Johns Hopkins University Press
This book examines some of the salient historiographical and conceptual issues that animate current scholarly debates about the nature of the medieval contribution to modern Western political ideas. On the one hand, scholars who subscribe to the "Baron thesis" concerning civic humanism have asserted that the break between medieval and modern modes of political thinking formed an unbridgeable chasm associated with the development of an entirely new framework at the dawn of the Florentine Renaissance. Others have challenged this hypothesis, replacing it with another extreme: an unbroken continuity in the intellectual terrain between the twelfth and the seventeenth centuries (or later). The present book seeks to qualify both of these positions. Cary J. Nederman argues for a more nuanced historiography of intellectual continuity and change that depends upon analyzing a host of contextual as well as philosophical factors to account for the emergence of the European tradition of political theory in the medieval and early modern periods. He finds that categories such as "medieval" and "modern" can and should be usefully deployed, yet always with the understanding that they are provisional and potentially fluid.
The book opens with an introduction that lays out the main issues and sources of the debate, followed by five sets of interrelated chapters. The first section critically assesses some of the leading scholars who have contributed to the current understanding of the relationship between medieval and modern ideas. The central part of the book includes three sections that address salient themes that illuminate and illustrate continuity and change: Dissent and Power, Empire and Republic, and Political Economy. The volume closes with a few examples of the ways in which medieval political doctrines were absorbed into and transformed during the modern period up to the nineteenth century.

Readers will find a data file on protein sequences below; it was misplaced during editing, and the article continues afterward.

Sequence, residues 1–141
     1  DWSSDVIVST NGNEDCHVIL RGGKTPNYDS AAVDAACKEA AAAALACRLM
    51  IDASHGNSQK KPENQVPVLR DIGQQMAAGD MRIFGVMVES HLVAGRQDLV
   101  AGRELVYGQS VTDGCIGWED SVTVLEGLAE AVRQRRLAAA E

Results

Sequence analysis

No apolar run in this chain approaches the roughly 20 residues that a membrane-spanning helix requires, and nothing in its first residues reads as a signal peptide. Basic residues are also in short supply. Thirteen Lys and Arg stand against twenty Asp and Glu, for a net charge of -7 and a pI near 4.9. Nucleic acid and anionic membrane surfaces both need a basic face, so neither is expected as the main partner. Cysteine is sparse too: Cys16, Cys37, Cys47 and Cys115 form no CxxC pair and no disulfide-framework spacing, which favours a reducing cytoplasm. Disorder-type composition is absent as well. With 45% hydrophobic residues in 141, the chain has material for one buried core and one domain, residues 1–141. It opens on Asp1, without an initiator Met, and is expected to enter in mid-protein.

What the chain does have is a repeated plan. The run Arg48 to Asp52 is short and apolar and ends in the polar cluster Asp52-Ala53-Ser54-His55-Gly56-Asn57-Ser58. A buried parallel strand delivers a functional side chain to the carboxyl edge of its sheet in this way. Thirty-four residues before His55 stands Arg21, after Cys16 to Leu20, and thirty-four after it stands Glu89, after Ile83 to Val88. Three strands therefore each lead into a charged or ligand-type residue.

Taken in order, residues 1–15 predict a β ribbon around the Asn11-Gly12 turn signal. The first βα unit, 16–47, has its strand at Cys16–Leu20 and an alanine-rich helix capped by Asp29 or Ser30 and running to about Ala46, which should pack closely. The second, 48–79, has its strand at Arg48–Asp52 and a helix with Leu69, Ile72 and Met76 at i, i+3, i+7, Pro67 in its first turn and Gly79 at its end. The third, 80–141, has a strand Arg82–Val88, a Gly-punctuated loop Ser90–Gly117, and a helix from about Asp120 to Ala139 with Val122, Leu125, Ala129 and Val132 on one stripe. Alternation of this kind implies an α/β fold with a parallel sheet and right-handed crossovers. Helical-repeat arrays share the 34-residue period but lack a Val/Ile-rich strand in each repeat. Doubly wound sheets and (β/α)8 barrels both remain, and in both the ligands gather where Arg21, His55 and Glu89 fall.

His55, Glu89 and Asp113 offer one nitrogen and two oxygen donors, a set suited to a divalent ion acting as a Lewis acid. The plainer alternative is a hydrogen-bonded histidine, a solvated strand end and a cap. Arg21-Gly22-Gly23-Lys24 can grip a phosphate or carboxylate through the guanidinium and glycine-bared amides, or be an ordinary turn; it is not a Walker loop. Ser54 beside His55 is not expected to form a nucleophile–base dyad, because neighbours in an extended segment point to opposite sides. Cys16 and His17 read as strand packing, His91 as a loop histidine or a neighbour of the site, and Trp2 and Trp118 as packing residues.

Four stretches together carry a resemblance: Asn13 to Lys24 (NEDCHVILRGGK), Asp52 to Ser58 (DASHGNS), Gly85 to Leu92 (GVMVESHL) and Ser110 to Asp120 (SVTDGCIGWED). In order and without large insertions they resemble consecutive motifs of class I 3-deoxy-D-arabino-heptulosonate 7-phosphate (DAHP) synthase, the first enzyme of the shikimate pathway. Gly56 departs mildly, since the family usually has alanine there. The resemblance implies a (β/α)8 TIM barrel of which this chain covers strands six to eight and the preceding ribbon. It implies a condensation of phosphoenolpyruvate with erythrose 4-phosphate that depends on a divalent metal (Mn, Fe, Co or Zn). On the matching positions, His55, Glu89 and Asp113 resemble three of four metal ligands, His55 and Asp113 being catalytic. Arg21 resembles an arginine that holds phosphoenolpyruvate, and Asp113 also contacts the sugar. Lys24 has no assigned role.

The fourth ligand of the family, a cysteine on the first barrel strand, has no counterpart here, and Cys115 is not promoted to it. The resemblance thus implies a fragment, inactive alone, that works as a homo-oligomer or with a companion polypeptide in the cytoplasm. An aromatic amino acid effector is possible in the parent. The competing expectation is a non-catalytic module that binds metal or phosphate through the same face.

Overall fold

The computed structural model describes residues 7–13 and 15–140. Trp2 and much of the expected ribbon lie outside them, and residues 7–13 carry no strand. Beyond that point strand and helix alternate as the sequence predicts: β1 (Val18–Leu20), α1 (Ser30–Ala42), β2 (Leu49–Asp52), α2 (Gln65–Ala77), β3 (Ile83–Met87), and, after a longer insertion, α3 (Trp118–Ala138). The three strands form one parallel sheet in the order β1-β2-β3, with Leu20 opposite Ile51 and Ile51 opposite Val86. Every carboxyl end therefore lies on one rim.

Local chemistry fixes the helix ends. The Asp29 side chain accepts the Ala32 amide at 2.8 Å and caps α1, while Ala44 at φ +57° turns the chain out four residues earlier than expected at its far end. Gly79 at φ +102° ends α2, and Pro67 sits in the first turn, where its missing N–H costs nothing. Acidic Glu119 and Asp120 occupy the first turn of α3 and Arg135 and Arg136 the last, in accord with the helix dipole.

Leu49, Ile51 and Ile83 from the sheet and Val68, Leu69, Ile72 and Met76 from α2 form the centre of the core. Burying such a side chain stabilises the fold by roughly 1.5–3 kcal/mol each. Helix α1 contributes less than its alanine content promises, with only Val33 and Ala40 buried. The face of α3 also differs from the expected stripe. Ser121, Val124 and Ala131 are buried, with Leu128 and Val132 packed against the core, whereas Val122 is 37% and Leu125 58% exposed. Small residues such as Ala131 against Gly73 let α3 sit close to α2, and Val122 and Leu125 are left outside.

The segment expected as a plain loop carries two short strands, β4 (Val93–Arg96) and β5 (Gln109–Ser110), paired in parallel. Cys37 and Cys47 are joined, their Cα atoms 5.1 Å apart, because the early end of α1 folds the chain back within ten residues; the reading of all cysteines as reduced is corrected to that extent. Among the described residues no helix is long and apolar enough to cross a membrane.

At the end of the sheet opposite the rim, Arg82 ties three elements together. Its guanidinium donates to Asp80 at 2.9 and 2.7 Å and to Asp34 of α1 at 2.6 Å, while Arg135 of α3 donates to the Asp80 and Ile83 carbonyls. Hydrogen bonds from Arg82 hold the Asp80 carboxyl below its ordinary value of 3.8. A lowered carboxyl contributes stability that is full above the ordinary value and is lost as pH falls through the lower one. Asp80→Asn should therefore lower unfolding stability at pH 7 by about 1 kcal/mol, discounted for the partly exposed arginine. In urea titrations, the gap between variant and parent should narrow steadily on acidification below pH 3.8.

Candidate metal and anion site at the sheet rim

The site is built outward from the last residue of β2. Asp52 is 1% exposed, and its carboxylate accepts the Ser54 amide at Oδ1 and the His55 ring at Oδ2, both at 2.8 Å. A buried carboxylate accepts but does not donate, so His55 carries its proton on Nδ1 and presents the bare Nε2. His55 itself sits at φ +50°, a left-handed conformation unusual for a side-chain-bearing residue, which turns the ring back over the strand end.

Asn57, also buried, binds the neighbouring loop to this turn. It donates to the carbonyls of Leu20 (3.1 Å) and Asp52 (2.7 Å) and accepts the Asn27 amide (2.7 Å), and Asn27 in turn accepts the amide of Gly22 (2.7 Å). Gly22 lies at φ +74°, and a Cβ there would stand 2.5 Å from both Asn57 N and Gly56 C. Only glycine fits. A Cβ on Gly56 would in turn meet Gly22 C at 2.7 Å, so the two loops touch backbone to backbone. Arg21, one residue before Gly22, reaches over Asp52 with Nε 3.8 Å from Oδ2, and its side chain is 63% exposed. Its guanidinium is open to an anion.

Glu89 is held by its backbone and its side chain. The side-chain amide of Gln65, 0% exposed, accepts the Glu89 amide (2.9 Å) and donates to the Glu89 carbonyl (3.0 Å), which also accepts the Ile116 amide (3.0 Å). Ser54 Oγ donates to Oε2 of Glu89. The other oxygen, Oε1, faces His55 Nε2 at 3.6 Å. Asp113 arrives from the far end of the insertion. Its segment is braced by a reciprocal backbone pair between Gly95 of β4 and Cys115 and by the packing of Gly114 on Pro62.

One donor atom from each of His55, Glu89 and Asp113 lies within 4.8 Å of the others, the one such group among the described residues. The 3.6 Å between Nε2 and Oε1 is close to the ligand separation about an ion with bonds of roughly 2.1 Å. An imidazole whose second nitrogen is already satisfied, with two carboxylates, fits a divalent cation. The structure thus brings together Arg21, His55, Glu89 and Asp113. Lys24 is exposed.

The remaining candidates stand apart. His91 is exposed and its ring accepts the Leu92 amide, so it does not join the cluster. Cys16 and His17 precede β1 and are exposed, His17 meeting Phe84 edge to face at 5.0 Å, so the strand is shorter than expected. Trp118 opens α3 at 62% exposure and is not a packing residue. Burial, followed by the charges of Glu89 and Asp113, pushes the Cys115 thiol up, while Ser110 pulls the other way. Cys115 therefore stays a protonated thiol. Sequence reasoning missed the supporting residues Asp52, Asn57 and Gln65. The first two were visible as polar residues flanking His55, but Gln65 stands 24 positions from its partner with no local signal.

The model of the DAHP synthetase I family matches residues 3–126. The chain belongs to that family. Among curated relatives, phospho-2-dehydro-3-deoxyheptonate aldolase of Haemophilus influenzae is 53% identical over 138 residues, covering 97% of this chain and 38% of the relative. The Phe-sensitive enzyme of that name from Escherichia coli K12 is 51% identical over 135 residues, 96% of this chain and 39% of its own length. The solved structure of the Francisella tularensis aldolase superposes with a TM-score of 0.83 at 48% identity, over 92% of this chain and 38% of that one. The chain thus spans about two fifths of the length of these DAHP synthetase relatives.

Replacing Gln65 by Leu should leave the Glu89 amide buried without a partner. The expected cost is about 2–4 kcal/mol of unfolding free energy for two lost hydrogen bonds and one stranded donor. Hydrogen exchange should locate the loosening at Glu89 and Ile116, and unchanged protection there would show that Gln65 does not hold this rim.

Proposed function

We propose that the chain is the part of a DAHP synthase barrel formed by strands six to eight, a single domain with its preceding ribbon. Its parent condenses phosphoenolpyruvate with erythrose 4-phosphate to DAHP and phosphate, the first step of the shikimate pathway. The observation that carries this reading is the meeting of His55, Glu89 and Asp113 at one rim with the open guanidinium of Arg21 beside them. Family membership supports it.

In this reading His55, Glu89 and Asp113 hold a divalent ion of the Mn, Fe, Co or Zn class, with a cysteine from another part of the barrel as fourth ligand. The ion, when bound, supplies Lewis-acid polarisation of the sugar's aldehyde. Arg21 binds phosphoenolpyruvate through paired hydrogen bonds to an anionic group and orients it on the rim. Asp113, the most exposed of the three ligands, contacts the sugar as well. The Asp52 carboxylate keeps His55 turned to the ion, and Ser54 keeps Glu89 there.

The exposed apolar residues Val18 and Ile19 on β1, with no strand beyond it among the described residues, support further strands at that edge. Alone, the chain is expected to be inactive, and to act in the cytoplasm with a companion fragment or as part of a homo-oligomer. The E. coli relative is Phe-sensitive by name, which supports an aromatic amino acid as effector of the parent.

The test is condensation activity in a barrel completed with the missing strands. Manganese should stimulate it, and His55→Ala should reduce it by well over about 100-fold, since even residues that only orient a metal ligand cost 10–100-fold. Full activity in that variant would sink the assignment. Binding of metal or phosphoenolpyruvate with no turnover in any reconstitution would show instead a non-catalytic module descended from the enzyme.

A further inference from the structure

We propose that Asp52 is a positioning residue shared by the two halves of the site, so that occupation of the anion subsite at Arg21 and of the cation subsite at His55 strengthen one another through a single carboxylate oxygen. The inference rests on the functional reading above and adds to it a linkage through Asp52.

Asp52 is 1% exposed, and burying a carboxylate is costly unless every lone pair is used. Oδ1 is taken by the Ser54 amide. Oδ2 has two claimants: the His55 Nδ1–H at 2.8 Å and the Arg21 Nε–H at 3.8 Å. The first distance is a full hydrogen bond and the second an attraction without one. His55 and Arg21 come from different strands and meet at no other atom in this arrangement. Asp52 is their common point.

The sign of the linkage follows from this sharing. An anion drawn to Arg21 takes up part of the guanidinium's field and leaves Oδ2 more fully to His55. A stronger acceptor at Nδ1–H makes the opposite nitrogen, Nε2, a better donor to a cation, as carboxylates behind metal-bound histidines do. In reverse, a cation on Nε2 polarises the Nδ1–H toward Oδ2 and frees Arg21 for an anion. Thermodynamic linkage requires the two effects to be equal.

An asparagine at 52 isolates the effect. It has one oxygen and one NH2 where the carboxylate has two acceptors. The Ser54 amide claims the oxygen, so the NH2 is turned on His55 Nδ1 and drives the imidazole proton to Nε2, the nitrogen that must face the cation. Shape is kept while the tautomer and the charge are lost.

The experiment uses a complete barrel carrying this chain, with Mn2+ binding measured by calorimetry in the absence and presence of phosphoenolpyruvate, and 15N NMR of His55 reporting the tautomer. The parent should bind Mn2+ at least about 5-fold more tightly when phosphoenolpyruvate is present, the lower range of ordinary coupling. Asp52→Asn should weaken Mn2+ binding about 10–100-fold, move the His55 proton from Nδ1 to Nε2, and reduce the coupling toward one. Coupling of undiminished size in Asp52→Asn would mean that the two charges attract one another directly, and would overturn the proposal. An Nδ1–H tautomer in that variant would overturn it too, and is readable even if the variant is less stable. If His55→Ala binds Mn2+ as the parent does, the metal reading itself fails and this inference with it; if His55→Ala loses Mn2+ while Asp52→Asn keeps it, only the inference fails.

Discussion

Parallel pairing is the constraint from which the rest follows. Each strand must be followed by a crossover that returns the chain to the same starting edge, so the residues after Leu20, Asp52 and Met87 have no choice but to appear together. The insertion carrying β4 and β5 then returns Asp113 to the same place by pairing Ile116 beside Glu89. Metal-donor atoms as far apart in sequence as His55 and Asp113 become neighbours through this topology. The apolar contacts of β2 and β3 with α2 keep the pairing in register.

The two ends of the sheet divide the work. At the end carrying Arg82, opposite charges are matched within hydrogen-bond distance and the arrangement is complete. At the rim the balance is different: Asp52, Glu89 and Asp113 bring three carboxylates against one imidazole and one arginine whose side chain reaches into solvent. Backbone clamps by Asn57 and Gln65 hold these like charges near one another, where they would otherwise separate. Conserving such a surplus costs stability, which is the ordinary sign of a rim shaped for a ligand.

ABOUT THE AUTHOR:
Cary J. Nederman is professor of political science at Texas A&M University and author of numerous published works including Machiavelli, John of Salisbury, Worlds of Difference: European Discourses of Toleration, c. 1100-c.1550, and Medieval Aristotelianism and Its Limits.
PRAISE FOR THE BOOK:
"In this technical yet illuminating book, Nederman authors a series of essays animated by a single purpose--to steer historians of political thought away from two extremes when studying "modern" and "medieval" ideas. . . . He illustrates his method through fascinating studies of Marsiglio of Padua, Machiavelli, Filmer, Bracton, and others. . . . Highly recommended." -- D. J. Lorenzo, Choice
"This book should be read by everyone who is concerned with the history of ideas and the defects of modernity."--Antony Black, Review of Politics
"Cary J. Nederman is one of the leading political theorists of the Middle Ages and Renaissance, whose work on John of Salisbury and Machiavelli, among others, has helped to define the modern understanding of the medieval political mind. This collection of essays. . . is a distillation of Nederman's most recent thinking about medieval political theory and what it might teach us about modern political structures. . . . [A]s a synthesis of major concepts in medieval political theory, and modern responses to them, this book is invaluable." --Helen Fulton, Parergon
"[The book] is a work of intellectual subtlety: Nederman tackles the contentious and complex issue of continuity and discontinuity between the Middle Ages and modern times in the history of European political thought from four different angles. . . . [T]he book powerfully demands that its readers appreciate the immense complexity associated with such categories as 'medieval' and 'modern' in the history of political thought. It surely promises to occupy a center stage of scholarly debate." --Takashi Shogimen, Sixteenth Century Journal